Russian first 3D printed satellite to go into space
MOSCOW, July 24. /TASS/. The Russian crew of the International Space Station (ISS) on August 17 will launch into the open space the first 3D printed Russian satellite.
Press service of the Tomsk Polytechnic University said:
“On Monday, the satellite’s systems will be checked, and its batteries will be charged from the Station on-board equipment,” the press service said. “The launch is scheduled for August 17.”
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“The first Russian-made 3D-printed satellite called the Tomsk-TPU-120, is making its journey to the International Space Station.
It was developed by the Tomsk Polytechnic University in collaboration with the Energiya Aerospace Corporation and the Institute for Studies of the Physics of Strength and Material Engineering of the Russian Academy of Sciences in Siberia.
According to President of Rocket and Space Corporation Energia, Vladimir Solntsev, the satellite designed by Tomsk Polytechnic University students will be placed in the orbit after reaching the ISS.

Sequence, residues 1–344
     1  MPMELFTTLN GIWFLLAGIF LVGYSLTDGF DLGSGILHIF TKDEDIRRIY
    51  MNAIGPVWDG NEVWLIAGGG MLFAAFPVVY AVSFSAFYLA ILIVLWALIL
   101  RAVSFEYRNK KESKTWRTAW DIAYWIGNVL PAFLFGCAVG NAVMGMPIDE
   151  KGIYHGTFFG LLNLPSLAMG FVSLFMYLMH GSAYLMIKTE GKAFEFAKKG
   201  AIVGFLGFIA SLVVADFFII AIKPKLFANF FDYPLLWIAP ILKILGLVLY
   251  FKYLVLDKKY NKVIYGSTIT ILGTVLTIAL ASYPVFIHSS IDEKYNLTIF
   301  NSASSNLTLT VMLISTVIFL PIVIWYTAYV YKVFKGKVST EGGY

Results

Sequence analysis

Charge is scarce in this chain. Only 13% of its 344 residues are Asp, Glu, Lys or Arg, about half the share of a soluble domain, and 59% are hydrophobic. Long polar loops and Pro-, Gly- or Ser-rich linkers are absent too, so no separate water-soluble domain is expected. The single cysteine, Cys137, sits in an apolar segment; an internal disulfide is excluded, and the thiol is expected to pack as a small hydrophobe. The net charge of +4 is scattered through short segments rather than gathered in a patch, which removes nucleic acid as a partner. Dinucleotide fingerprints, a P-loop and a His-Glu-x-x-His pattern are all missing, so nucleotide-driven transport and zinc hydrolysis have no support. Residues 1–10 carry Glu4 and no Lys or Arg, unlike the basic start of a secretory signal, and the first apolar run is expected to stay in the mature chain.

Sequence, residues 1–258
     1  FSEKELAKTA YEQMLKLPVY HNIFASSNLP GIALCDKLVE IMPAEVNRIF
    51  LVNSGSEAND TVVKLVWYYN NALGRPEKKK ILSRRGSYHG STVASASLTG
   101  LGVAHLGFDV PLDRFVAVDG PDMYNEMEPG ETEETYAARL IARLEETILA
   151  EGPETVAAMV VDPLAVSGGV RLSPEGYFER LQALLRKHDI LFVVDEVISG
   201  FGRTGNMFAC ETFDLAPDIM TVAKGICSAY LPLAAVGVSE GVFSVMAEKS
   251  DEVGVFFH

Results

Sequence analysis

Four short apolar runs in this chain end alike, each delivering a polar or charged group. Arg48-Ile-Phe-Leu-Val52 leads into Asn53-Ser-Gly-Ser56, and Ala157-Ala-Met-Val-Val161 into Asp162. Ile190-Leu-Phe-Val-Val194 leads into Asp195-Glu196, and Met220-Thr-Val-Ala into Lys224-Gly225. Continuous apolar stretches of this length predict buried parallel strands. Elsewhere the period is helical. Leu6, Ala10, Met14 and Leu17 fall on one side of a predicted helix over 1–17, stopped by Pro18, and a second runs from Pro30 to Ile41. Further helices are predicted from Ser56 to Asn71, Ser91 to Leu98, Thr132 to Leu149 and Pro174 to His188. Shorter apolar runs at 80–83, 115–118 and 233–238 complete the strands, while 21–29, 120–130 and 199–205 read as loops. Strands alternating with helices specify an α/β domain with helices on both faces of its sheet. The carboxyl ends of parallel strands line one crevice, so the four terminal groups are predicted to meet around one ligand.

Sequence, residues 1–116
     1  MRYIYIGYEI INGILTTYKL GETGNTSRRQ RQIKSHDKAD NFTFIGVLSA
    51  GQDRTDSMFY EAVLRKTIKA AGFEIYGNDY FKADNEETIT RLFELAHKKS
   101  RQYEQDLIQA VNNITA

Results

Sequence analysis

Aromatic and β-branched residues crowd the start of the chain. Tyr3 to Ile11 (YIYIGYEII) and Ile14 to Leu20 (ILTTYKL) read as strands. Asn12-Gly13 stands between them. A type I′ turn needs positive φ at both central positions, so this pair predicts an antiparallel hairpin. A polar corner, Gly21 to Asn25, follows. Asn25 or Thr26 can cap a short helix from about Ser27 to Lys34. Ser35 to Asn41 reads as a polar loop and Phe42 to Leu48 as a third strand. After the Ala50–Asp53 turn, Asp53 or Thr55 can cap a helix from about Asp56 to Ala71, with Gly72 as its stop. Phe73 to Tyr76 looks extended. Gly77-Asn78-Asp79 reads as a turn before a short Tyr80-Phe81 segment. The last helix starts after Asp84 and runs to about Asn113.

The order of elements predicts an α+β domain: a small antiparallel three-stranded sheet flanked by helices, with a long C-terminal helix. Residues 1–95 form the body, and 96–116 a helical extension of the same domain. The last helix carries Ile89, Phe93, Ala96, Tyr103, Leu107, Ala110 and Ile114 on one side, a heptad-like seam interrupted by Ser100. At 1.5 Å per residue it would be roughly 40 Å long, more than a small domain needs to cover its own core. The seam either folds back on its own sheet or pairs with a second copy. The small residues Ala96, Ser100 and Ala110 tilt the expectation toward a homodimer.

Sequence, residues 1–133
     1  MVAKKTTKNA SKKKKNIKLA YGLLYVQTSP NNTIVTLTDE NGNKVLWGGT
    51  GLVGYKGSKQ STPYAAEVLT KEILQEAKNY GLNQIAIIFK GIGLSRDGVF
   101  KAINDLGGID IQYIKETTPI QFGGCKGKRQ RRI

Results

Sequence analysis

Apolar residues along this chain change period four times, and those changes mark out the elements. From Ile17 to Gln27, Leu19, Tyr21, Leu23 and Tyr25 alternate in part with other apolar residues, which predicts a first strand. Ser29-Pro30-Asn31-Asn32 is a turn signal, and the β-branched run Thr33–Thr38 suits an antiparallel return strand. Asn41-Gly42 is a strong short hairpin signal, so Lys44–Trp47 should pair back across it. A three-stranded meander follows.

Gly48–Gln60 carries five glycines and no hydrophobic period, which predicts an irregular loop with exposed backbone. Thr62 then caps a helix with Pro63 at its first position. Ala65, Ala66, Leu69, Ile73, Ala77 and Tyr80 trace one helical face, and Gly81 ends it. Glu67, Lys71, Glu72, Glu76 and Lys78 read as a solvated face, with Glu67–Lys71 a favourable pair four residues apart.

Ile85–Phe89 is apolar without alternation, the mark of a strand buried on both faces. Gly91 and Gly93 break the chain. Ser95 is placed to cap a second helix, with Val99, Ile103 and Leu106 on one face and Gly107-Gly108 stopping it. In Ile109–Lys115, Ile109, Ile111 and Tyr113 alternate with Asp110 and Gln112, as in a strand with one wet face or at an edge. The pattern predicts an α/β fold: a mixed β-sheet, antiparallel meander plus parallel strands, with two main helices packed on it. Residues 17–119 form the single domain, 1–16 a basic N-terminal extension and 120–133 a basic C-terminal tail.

The satellite is designed to orbit at 400 km. The operation is estimated to last about half a year.
The satellite will serve to test new technology in the field of space materials. It is equipped with sensors, that will record the temperature of the parts that make up the satellite, including the plates, batteries and board, while electronics data will also be monitored. The data will be transmitted to Earth where scientists hope to examine the condition of the satellite and how it holds up in the space environment. The findings will then be analized.”
The Tomsk-TPU-120 satellite is the first Russian space probe built with the aid of 3D technologies and specially selected materials. The nanosatellite’s length is 30 cm, the width and height are 11 cm. The satellite will remain in the open space for the term of four to six months. It will report to the Earth the temperatures on board, on plates and batteries, and parameters of electronic components. Thus, scientists would be able watch states of materials to understand whether they could be used further in construction of space apparatuses.
The launch will be performed by Russian cosmonauts Fyodor Yurchikhin and Sergei Ryazansky. The satellite will be launched “by hand” from the Station’s outer surface.